He compares this to a mother who drops their child off at school and then goes about her day. Does she, for a moment, forget her child? So too with Torah study, it must be a part of us, constantly on our minds.

Rav Yosef Halavan, a commentary on the Levush questions the Levush. How can we make a concluding blessing after interrupting our learning with a significant amount of sleep? In the food parallel that would be a hefsek and the food would already be digested and it would be too late!

Retorts the Levush – firstly he would be considered an ones, unable to make the berachah because he was overtaken by sleep. Secondly, when it comes to food once it’s digested there is no trace or remembrance of the food and we can no longer offer thanks for it. However when talking about Torah it is never digested, as long as one remembers what they learnt it is considered ‘in their stomach’!

The language of the blessing is beautiful in this context. We thank Hashem for giving us the opportunity to toil in Torah. And then ask Him to be ‘mearev’ the Torah within us. We are asking Hashem to help us integrate the Torah we have already learnt into our lives, make it sweet for us and be able to hold onto the Torah of the day before. We then continue with the second beracha and thank Hashem for choosing us from all the nations and giving us the Torah.

Rav Yosef Halavan, because of his questions, offers a different approach. Both are preliminary blessings, one a birchas hamitzvah and one a birchas hanehnin, similar to matzo on Pesach. The Levush responds to this – by matzo the enjoyment and the mitzvah are two distinct things, the enjoyment would be all year, and the mitzvah is specific to Pesach night. However when it comes to Torah the mitzvah is to learn and understand and know what one is learning and that itself is the enjoyment!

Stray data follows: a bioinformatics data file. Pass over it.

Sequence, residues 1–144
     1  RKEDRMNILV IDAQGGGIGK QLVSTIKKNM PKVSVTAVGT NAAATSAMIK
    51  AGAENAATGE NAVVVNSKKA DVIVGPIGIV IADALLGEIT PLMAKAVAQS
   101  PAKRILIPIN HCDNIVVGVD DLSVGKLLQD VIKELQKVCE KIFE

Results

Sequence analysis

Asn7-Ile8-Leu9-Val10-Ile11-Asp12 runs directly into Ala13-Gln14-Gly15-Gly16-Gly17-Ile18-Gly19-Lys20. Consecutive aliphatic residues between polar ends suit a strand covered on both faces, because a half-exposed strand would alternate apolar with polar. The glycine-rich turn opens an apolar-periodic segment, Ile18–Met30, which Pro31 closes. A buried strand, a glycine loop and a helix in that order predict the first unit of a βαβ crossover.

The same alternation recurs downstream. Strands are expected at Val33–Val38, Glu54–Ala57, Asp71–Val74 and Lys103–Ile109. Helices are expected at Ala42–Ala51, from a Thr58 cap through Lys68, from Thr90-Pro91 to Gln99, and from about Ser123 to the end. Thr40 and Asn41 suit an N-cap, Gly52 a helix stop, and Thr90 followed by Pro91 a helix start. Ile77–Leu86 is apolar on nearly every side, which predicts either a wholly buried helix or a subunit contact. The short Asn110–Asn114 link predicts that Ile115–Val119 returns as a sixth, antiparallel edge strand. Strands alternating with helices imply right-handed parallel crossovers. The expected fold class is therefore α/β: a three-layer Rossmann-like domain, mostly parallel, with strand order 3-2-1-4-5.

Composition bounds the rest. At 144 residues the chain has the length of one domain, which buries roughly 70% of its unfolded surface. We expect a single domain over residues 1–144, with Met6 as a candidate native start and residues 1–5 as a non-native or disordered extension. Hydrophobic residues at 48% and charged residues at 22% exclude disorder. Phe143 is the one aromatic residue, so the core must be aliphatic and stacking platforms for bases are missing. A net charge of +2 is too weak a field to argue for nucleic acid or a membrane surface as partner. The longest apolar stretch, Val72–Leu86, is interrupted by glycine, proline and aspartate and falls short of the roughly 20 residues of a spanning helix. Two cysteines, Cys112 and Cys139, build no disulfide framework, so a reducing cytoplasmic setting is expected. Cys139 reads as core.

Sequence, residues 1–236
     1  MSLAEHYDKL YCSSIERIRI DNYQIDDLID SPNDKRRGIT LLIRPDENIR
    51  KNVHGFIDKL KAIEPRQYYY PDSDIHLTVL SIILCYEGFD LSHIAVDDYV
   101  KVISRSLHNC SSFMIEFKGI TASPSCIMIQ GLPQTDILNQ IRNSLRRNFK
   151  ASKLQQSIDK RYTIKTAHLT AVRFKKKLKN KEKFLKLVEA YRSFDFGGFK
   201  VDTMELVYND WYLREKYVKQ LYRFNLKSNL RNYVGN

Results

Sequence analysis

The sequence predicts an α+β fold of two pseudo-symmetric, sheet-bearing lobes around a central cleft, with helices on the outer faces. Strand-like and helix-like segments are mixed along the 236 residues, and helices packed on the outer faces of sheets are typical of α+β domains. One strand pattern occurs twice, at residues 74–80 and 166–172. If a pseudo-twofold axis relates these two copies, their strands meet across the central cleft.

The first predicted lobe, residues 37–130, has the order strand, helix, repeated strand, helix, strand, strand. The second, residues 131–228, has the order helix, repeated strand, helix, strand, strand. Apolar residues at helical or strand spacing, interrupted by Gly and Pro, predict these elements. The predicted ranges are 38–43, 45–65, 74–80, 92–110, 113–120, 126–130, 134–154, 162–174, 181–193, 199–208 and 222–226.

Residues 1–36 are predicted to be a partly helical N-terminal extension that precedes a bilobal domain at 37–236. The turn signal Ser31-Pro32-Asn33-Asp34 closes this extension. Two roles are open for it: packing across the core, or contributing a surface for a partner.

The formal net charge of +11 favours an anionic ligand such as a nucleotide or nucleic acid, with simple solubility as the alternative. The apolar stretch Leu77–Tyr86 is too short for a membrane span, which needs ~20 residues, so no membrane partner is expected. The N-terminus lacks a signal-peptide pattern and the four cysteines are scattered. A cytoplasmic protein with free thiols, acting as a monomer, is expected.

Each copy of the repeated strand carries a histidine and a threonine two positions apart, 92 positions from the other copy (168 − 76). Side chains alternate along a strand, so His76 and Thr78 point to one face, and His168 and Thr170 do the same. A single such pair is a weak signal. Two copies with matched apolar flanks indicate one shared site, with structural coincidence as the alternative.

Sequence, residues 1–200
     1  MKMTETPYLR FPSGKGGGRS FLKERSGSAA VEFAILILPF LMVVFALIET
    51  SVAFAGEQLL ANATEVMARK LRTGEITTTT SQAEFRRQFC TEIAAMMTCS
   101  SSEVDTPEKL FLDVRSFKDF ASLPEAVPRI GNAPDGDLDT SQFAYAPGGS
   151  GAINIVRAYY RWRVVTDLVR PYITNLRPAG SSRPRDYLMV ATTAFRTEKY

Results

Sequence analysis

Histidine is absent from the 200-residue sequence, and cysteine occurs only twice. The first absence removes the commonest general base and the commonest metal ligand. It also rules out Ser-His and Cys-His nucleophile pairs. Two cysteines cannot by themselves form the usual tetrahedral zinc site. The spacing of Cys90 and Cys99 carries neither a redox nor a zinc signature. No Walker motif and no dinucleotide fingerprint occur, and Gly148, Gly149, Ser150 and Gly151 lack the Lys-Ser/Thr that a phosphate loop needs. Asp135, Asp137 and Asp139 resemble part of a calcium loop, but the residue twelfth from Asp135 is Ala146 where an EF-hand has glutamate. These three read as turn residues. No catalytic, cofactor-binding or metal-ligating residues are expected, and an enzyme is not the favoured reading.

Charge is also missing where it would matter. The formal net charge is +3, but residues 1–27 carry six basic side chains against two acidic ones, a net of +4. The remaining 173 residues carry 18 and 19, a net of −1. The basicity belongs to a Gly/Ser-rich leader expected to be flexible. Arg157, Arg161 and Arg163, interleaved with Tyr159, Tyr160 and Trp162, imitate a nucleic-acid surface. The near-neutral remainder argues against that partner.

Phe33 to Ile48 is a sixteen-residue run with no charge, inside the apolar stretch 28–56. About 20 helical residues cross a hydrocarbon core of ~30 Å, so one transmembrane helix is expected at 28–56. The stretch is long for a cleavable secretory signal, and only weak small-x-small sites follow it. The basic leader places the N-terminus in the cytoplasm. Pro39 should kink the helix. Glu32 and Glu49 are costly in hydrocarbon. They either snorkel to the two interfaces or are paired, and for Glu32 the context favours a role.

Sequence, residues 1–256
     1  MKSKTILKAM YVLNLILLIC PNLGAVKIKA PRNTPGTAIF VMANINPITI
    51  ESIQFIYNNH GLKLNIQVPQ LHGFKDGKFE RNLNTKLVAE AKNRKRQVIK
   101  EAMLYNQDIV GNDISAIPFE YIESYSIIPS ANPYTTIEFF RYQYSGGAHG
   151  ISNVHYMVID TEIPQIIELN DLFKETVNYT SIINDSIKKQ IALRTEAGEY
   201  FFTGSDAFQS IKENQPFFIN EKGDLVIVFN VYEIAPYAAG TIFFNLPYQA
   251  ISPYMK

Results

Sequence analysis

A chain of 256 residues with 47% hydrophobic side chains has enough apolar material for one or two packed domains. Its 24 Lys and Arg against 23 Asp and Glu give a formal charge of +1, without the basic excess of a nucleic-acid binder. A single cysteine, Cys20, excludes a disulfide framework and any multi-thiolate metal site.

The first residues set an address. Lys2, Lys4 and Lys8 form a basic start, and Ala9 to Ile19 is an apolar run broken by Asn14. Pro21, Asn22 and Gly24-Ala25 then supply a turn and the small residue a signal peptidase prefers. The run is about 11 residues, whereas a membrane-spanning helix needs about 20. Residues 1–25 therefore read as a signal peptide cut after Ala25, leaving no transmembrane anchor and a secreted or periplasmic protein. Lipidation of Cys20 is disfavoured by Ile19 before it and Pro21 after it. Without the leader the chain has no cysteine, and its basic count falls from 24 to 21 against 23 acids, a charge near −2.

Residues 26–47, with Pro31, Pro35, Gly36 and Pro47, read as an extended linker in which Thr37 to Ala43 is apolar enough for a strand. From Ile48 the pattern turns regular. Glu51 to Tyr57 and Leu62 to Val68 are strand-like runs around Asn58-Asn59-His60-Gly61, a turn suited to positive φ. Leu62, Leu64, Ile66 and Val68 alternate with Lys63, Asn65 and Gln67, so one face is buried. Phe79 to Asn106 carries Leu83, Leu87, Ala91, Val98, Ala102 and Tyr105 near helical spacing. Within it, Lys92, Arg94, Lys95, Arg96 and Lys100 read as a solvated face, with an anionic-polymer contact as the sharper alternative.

Posted on 09/29 at 06:12 PM • Permalink
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Rabbi Tzvi Hirsch HaberRabbi Tzvi Hirsch Haber is sought after by all who know him for his Halachic and practical advice. His keen ability to put complicated matters into a digestible perspective coupled with his ability to get the facts, make him the perfect blogger to help us all “Do It Right”.

A native of Buffalo, NY, Rabbi Tzvi Hirsch Haber spent his childhood globetrotting with his family. His pioneering spirit first surfaced in Melbourne, Australia, where he was excited to be a member of the opening class of Mesivta Bnei Torah. From Australia the Haber family settled down in Monsey, NY. Ever the maverick, Tzvi promptly left home to study in Yeshiva Ohr Hameir in Peekskill, where he became a mainstay of the Yeshiva, and inspired his younger brothers as well as several friends from the Mesivta in Melbourne to follow him. He then joined his chaburah in Jerusalem, first at the Mir Yeshiva and then at the Bais Medrash of Rav Dovid Soloveitchik, a senior scion of the famed Brisk dynasty. As his globetrotting family returned to Jerusalem, Tzvi returned to the US, to freeze in the famed, yet comparatively chilled Beth Medrash Govoha of Lakewood.

 In 2004 he met his wife, Suzanne Schor, a native of the warmer Los Angeles climate, and the couple settled in Lakewood, where he focused his pioneering and independent strengths on the study of Halacha, or Jewish law. His innovative spirit and innate ability to help others seeking to clarify the finer points of Judaism and integrate them into their daily lives inspired his decision to commute daily from Lakewood to the Lower East Side of Manhattan in order to bask in the day to day exposure to the world renowned Posek, HaRav David Feinstein. The daily commute was more than compensated for when he received Semicha from Rav Feinstien and the Kollel L’Torah U’lhorah (a division of Mesivta Tifereth Jerusalem) in Tamuz 5768, June 2008.

In August 2009, the Habers moved west, heading toward Los Angeles where Rabbi Haber joined the LINK-LA Kollel. After being an active member of the Kollel for several years, he joined the business world, however he is still actively involved in teaching and learning in LA.